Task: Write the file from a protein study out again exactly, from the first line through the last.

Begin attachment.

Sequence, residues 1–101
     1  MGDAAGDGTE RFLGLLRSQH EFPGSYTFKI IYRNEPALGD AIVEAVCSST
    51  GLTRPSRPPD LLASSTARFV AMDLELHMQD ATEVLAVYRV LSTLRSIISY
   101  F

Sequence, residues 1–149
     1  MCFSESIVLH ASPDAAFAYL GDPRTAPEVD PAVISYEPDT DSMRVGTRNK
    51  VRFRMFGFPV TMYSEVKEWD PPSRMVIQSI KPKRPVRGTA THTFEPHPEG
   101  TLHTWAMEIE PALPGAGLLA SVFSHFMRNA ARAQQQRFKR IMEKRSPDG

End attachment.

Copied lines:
Sequence, residues 1–101
     1  MGDAAGDGTE RFLGLLRSQH EFPGSYTFKI IYRNEPALGD AIVEAVCSST
    51  GLTRPSRPPD LLASSTARFV AMDLELHMQD ATEVLAVYRV LSTLRSIISY
   101  F

Sequence, residues 1–149
     1  MCFSESIVLH ASPDAAFAYL GDPRTAPEVD PAVISYEPDT DSMRVGTRNK
    51  VRFRMFGFPV TMYSEVKEWD PPSRMVIQSI KPKRPVRGTA THTFEPHPEG
   101  TLHTWAMEIE PALPGAGLLA SVFSHFMRNA ARAQQQRFKR IMEKRSPDG